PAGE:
European Professional Club Rugby (EPCR) chairman Dominic McKay has attributed the ongoing success of South African teams to a vested interest from the country’s stakeholders to grow the game internationally.
The local franchises’ inclusion in the Vodacom United Rugby Championship, after its rebranding from the PRO14 when South Africa’s four teams joined the competition in 2021-22, has changed the sport’s landscape.
SA’s further involvement in the top flight of northern-hemisphere club rugby received a massive boost when it was confirmed that the four URC teams and the Free State Cheetahs will play in next season’s two EPCR knockout competitions, the Champions Cup and the Challenge Cup.
This means that the SA teams will now cross swords with the best clubs from England and France, after already successfully integrating with teams from Ireland, Italy, Scotland and Wales in the URC.
The Stormers, Sharks and Vodacom Bulls, all of whom finished in the top eight of the URC and competed in the quarter-finals, will play in the Champions Cup, while the Lions and the Cheetahs will contest the Challenge Cup.
McKay, who was appointed as chairman of the EPCR in October, has overseen the delivery of the new EPCR strategy and eight-year agreement between its stakeholders alongside the board and executive.
Now, he is excited for the furthering of SA rugby’s footprint in Europe and with it, “hugely exciting southern hemisphere rugby, well-known world-class players and broad new audiences”.
McKay also hailed SA Rugby president Mark Alexander and CEO Jurie Roux for helping to pave the way for the country’s groundbreaking progression into Europe.
“I was the chairman of the board of PRO14 and negotiated with Saru along with the executive team to welcome the South African clubs into the PRO14 about four years ago. I must stress the positive dialogue we had in these negotiations with Mark Alexander and Jurie Roux, two administrators I’ve dealt with for a number of years,” he said.
“That was the start of the journey with South Africa being aligned with the northern hemisphere. The success of the South African clubs in the URC is evident so it was natural to take the next step into Europe.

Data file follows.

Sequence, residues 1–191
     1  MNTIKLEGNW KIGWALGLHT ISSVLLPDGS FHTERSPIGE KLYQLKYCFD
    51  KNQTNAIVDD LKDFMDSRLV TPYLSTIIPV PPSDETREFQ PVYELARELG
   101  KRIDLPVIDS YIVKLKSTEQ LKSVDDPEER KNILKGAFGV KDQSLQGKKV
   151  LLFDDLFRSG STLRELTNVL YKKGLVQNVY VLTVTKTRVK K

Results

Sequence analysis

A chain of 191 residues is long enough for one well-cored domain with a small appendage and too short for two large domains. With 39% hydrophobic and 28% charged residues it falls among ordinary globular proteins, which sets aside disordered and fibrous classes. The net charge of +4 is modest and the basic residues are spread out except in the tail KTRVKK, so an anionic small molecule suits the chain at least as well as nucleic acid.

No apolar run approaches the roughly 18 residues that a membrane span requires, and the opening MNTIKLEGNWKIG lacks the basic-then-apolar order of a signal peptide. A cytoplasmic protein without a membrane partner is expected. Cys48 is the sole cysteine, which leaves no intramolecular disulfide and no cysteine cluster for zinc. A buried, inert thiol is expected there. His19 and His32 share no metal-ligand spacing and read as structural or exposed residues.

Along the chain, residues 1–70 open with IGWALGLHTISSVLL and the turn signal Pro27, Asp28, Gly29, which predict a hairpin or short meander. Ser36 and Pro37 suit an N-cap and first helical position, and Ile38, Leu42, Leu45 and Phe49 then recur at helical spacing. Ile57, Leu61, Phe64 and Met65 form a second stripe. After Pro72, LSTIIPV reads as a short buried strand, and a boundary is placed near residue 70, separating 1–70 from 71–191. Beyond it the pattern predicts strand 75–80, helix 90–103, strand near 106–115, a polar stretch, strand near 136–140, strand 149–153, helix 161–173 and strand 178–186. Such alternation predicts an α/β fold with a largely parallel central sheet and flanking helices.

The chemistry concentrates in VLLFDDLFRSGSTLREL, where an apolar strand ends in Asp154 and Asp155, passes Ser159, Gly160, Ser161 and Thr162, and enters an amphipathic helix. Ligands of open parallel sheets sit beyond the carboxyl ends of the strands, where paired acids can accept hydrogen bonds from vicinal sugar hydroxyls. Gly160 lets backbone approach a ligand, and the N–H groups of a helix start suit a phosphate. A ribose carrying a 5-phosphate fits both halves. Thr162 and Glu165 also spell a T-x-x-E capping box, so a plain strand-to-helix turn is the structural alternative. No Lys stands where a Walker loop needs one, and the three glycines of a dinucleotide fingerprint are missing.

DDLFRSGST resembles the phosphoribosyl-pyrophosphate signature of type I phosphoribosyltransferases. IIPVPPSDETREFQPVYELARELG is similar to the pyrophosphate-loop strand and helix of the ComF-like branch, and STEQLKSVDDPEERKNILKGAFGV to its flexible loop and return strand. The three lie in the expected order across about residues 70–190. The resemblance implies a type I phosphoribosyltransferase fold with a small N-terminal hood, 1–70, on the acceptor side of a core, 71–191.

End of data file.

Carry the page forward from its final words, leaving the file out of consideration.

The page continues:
“It’s been a number of years in the making, built on the success of South African teams in the URC.
“Part of the challenge initially was around establishing a proof of concept to show that the tournament could (logistically) include teams from South Africa, and that we could have teams from Italy, Ireland and the United Kingdom travel to South Africa.
“If we look at the success of the SA teams in the URC that’s really helpful as a guide to future success in Europe, sometimes it takes a bit of time for people to understand the benefits.”
The formats for next season’s Champions Cup and Challenge Cup will be announced shortly, in conjunction with the pool draws for both tournaments, to be staged in Dublin on June 23.
McKay added: “We’re expecting to see some incredible rugby, from the Stormers travelling north to play in Paris to La Rochelle heading down to South Africa, it will be fantastic for fans and the whole global game!
“This is a critical moment for rugby as it’s growing – it’s a fast-growing global sport and the way we enjoy and consume our rugby has changed over the past couple of years. It’s important for administrators to listen to what consumers and supporters are interested in and there’s been such an interest in rugby’s growth, particularly in North America and parts of Asia.
“There’s a lot more growing to do but we have to strike a balance between protecting the values of the sport while expanding and developing the game through sensible economic development.”